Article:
Try the pavers. You can do that in the time it takes to get BH opinions here.

Silk McCue
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Re: Question on a concrete driveway

Post by Silk McCue » Tue Oct 08, 2019 9:49 am

Shallowpockets wrote:
Tue Oct 08, 2019 9:46 am
Forget the concrete. Go to home depot and get some 4" pavers and place them where you want them. Easy fix. Seems like you are only doing this because your car has to roll over a little bit more of your existing driveway.
I cannot imagine any contractor will be interested In 1 x 9 job. As someone mentioned, for real reinforcement you would need to tie that 1 foot wide piece into the adjacent driveway. Even with rebar, if that is not done there will be a higher likelihood of cracking, or tilting.
Try the pavers. You can do that in the time it takes to get BH opinions here.
Unless you compact the ground, put down a sand base and build a concrete curb to stop the pavers from moving this is going to get messed up real quick.

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mrc
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Re: Question on a concrete driveway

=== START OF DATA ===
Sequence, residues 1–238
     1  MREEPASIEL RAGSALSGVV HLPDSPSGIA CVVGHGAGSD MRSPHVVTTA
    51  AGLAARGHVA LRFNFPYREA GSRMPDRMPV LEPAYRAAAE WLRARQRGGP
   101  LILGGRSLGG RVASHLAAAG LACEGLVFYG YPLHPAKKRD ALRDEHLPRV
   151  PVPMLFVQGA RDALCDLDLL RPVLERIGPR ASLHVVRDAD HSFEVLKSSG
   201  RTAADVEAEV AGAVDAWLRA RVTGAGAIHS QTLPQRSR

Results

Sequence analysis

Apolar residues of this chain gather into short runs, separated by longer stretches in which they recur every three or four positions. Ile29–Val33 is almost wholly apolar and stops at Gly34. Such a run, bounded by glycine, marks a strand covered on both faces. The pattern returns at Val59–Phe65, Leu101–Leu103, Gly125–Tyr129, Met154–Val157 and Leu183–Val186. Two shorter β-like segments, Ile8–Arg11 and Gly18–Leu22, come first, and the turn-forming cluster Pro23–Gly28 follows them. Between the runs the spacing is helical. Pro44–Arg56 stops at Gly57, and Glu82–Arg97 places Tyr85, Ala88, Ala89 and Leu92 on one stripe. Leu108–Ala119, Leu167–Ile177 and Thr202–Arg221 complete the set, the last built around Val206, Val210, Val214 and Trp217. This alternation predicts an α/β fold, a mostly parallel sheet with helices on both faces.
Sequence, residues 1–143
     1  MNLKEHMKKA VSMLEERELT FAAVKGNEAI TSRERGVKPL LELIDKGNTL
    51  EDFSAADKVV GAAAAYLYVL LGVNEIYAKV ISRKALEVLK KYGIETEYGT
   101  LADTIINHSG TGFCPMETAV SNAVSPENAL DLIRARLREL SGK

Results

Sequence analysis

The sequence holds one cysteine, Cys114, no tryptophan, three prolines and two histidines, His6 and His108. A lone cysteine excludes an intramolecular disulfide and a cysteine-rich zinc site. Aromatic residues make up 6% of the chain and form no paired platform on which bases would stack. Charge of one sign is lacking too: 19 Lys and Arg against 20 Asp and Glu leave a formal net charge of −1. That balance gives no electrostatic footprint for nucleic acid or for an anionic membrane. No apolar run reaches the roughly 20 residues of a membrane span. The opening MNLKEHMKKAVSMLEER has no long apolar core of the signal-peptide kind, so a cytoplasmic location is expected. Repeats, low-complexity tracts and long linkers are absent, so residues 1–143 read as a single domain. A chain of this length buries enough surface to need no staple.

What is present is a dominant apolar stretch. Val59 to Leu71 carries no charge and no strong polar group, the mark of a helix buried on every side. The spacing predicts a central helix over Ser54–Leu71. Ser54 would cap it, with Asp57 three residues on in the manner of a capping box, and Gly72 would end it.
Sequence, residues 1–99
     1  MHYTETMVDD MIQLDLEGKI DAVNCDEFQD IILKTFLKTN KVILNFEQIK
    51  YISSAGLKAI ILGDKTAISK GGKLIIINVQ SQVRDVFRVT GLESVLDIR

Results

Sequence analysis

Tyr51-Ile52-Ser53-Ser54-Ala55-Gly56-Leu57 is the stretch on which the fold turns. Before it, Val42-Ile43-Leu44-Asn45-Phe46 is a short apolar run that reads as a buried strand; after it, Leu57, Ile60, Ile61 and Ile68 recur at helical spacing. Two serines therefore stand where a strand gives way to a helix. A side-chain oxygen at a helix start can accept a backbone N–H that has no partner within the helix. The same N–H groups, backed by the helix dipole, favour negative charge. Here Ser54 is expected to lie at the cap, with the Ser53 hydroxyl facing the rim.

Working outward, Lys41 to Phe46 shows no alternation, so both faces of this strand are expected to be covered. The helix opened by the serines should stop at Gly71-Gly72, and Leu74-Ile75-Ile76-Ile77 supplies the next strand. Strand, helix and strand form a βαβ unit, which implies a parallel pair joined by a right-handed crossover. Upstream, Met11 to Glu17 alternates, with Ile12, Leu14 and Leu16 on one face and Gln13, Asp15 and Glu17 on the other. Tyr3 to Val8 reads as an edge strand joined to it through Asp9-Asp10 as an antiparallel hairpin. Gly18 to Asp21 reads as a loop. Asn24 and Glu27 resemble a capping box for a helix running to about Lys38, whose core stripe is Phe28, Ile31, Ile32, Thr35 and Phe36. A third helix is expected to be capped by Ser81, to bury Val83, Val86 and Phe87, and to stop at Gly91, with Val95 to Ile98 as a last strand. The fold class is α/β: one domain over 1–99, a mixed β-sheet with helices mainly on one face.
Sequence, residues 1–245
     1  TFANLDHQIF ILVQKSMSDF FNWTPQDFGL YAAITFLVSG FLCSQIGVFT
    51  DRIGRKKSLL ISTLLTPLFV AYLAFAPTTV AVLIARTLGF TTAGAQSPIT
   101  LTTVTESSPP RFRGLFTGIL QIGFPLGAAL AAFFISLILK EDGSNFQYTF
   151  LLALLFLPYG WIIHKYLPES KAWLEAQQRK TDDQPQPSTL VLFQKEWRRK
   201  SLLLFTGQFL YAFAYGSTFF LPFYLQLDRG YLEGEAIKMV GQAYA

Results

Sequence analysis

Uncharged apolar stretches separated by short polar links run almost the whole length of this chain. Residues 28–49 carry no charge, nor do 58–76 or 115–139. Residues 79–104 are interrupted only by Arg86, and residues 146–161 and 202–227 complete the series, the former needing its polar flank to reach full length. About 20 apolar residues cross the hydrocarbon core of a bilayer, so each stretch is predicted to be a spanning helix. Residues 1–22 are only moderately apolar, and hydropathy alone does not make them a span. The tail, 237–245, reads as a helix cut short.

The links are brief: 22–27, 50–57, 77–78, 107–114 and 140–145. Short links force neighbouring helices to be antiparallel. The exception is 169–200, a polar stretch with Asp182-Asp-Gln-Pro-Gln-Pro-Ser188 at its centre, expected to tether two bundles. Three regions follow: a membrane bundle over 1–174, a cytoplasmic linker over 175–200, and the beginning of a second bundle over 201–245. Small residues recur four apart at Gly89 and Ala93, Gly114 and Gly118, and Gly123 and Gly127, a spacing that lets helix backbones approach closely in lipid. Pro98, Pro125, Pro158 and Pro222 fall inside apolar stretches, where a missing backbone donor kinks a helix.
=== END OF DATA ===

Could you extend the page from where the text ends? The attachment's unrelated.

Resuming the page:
Post by mrc » Tue Oct 08, 2019 10:37 am

Shallowpockets wrote:
Tue Oct 08, 2019 9:46 am
Forget the concrete. Go to home depot and get some 4" pavers and place them where you want them. Easy fix. Seems like you are only doing this because your car has to roll over a little bit more of your existing driveway.
I cannot imagine any contractor will be interested In 1 x 9 job. As someone mentioned, for real reinforcement you would need to tie that 1 foot wide piece into the adjacent driveway. Even with rebar, if that is not done there will be a higher likelihood of cracking, or tilting.
Try the pavers. You can do that in the time it takes to get BH opinions here.
+1 Concrete pavers are a much better idea for a narrow strip than poured concrete. You don't need a concrete curb, just properly installed edging. You do need a properly prepared base.
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sk2101
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Re: Question on a concrete driveway

Post by sk2101 » Tue Oct 08, 2019 11:34 am

Shallowpockets wrote:
Tue Oct 08, 2019 9:46 am
Forget the concrete. Go to home depot and get some 4" pavers and place them where you want them. Easy fix. Seems like you are only doing this because your car has to roll over a little bit more of your existing driveway.
I cannot imagine any contractor will be interested In 1 x 9 job. As someone mentioned, for real reinforcement you would need to tie that 1 foot wide piece into the adjacent driveway. Even with rebar, if that is not done there will be a higher likelihood of cracking, or tilting.
Try the pavers. You can do that in the time it takes to get BH opinions here.
Good suggestion. Do some search on how to put down pavers, you need to prepare the base and edge them with mortar so they don't move. Family Handyman is a good site for directions.